Whenever the Torah elaborates upon seemingly trivial details or events, the attentive student of Jewish philosophy becomes especially attentive.
Consequently, the episode of Yitzchok (Isaac) in the land of the P’lishtim (Philistines), by virtue of the amount of space devoted to it in scripture, cries out for explanation.
The narrative of Bereishis 26 tells us that, responding to a famine in the land of Canaan, Yitzchok followed in the footsteps of his father and traveled to the more fertile land of the P’lishtim to await times of renewed prosperity. HaShem blessed Yitzchok with such extraordinary wealth that the P’lishtim became jealous of him and stopped up the wells that had been dug in the days of Avrohom. Avimelech, the king of the P’lishtim, ordered Yitzchok to depart.
Yitzchok camped in the neighboring land of Gerar, and re-dug the wells his father had dug there, calling them by the same names his father had given them. But the shepherds of Gerar quarreled with him over the wells, claiming the water was theirs. Yitzchok yielded and dug new wells, but the shepherds of Gerar disputed these, too.
Only when Yitzchok distanced himself and again dug new wells did the shepherds of Gerar no longer quarrel with him. But instead of remaining where he was, Yitzchok traveled further into the land of his birth, to Be’er Sheva. There, HaShem appeared to him and declared, Do not be afraid, for I am with you. Yitzchok settled there and dug new wells.
The sages tell us that water, the source of all physical life, is an allegory for Torah, the source of all spiritual life. If so, the wells in our parsha’s narrative may be understood to symbolize Yitzchok’s efforts to provide spiritual life to all mankind by creating a greater connection between the physical world and the “waters” of Torah.
According to this interpretation, Yitzchok first attempted to continue the work of his father by living among the P’lishtim as his father had. But where Avrohom had lived peacefully among the P’lishtim, Yitzchok’s presence among them became the cause of strife, so that they stopped up the wells that had been dug in the days of his father — that is, they rejected the spiritual lessons Avrohom had once taught them because of the resentment they felt toward Yitzchok.
So Yitzchok moved to Gerar, at the outskirts of the P’lishti community, seeking to carry on his father’s work where the lessons of spirituality had been forgotten, by re-digging the wells his father had dug and calling them by the same names. But again, his efforts produced only discord.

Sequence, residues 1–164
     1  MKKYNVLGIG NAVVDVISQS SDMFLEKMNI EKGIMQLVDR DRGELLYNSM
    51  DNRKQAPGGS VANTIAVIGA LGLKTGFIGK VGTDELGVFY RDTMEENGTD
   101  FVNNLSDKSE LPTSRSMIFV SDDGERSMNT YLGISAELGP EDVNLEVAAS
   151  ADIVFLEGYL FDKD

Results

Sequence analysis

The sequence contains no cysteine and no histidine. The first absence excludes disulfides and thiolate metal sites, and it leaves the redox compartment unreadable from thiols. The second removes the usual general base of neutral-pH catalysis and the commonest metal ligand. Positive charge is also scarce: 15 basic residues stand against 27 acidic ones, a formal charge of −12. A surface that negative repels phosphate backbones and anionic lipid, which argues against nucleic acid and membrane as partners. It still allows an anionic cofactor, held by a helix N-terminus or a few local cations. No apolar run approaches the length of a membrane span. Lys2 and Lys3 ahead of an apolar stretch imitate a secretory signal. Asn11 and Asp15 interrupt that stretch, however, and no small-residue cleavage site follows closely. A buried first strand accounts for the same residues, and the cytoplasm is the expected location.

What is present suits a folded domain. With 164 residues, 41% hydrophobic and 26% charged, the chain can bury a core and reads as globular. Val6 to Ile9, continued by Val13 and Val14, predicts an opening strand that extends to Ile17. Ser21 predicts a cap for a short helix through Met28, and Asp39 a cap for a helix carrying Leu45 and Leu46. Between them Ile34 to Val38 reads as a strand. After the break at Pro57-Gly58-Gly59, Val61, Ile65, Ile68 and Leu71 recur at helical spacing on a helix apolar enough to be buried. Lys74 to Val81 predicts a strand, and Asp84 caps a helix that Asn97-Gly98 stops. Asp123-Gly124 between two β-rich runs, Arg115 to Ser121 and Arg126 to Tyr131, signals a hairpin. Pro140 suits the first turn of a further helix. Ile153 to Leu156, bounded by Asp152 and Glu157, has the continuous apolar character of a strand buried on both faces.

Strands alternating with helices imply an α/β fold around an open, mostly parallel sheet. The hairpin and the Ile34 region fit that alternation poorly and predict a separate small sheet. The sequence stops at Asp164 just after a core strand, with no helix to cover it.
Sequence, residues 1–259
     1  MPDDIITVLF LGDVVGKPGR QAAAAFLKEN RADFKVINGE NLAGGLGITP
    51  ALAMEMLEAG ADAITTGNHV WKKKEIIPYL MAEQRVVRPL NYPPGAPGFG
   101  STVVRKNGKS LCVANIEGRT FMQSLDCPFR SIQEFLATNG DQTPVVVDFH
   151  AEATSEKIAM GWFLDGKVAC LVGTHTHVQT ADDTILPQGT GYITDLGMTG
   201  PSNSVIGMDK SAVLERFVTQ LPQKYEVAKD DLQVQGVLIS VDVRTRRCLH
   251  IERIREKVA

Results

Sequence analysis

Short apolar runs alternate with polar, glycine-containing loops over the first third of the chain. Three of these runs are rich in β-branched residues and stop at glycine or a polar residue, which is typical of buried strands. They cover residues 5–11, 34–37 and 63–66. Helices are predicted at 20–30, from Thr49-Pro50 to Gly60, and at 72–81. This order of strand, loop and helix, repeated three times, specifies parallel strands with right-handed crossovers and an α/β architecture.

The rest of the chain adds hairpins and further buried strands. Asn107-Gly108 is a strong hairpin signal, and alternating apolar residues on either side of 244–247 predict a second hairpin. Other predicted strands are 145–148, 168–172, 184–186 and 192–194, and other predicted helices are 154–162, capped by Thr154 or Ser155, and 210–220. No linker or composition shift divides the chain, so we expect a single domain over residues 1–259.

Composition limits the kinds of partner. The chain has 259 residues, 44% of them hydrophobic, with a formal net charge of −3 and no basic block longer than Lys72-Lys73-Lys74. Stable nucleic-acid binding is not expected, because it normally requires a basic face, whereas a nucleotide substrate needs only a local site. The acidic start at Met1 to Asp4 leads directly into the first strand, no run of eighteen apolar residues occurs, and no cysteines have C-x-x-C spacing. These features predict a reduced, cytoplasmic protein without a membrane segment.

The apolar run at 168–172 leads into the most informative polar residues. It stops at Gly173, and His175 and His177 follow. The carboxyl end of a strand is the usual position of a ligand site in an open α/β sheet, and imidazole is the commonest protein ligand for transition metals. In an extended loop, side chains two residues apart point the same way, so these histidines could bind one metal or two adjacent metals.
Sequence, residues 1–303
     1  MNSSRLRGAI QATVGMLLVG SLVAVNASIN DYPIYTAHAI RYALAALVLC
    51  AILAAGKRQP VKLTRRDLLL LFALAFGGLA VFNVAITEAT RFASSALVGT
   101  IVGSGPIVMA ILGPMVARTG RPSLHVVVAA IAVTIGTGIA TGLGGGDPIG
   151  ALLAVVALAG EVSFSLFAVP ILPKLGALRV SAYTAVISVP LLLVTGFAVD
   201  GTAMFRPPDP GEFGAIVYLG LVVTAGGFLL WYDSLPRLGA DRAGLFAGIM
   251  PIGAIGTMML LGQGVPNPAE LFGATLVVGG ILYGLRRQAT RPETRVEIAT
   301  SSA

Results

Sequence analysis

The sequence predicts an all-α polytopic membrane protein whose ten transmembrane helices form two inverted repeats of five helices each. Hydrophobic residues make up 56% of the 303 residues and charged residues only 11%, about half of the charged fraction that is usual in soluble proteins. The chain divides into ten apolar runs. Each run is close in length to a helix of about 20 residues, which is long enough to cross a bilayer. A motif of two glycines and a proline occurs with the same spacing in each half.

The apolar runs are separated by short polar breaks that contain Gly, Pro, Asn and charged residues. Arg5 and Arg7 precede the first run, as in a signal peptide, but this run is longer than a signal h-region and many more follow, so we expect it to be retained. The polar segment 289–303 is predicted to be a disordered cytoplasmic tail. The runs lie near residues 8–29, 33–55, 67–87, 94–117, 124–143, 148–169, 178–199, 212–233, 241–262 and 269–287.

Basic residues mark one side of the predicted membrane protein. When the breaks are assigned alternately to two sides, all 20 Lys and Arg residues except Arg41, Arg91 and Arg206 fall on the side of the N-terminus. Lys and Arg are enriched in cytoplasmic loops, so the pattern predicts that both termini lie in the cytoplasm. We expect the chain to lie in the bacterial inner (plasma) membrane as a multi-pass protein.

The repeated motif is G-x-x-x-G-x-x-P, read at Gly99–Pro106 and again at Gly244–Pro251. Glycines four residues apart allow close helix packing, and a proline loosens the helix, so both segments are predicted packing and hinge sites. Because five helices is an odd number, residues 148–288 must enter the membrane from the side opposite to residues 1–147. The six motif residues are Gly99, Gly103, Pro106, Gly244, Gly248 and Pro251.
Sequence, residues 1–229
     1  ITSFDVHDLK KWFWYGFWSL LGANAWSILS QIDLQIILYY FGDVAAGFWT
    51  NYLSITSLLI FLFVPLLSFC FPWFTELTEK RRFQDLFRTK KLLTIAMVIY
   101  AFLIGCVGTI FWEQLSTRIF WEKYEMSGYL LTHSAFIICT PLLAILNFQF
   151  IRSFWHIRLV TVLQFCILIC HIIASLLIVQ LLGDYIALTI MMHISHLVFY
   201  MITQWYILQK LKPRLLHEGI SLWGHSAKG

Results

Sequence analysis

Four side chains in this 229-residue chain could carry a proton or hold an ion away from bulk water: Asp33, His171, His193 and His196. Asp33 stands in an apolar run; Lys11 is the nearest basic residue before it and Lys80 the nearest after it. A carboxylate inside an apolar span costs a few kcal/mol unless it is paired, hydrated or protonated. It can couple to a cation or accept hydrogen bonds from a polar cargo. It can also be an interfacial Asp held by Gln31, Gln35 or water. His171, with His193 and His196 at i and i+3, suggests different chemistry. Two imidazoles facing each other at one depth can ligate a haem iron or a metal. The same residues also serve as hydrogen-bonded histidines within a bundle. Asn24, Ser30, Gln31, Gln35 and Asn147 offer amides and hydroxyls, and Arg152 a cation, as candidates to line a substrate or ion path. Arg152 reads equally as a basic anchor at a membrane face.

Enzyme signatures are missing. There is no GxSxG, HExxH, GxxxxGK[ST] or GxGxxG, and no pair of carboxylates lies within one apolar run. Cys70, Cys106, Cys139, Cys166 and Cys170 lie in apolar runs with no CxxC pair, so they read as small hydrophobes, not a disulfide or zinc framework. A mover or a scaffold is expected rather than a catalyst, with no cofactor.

So Yitzchok moved away from the Plishtim entirely and dug new wells of his own. This time he encountered no resistance but, or so it seems, he achieved no great success either. And so Yitzchok returned to his own land, perhaps recognizing that, after three attempts and failures to serve HaShem in the style of his father, it was time to strike out in a new direction, to define himself as a servant of the Almighty according to his own talents and abilities rather than continuing to pursue a course identical to his father’s.
We know that Avrohom perfected his service according to his attribute of chesed — selfless loving-kindness. And as much as he may have sought to continue along the path charted by his father, Yitzchok had and entirely different character, defined as gevurah — spiritual self-discipline. Where Avrohom had defined his service in terms of his relationship with other people, Yitzchok defined his service in terms of his relationship with G-d. In pursuit of his own unique spiritual self-perfection, he reached the point where it was time to strike out on his own.
But Yitzchok knew the importance of building upon the accomplishments of previous generations and respecting the traditions of those who have come before. Perhaps he questioned his own decision, wondering if he had chosen wisely in charting his own path.
And so G-d appeared to Yitzchok and declared, Do not be afraid, for I am with you. Although he had departed from Avrohom’s style, by staying loyal to the essential values Avrohom had instilled in him, Yitzchok remained a true servant of HaShem. Thus assured, Yitzchok ceased his wanderings and dug “wells” if his own. Suddenly, seemingly out of nowhere, Avimelech came to Yitzchok and declared, We have seen that G-d is with you.
Astonishingly, after Yitzchok moved away, the P’lishtim recognized what they had not when he had lived in their midst. By following the callings of his soul, by respecting the teachings of his father while defining himself according to his own unique abilites and character, Yitzchok achieved so profound a sanctification of G-d’s name that he could inspire the P’lishtim to attach themselves to his spiritual nature even after he had removed himself from among them.
And indeed, on that very day, Yitzchok’s servants came to him announcing that they had found water. By striking the perfect balance between the tradition and individualism, by finding his own path without foresaking the path of his father, by clinging to the traditions of the previous generation while simultaneously developing his own sense of self, Yitzchok brought forth a fresh wellspring of spiritual energy, sending out ripples to every corner of the world. In this way, Yitzchok brought mankind one step closer to its final redemption, while providing his children with the formula for how to carry on in each and every generation.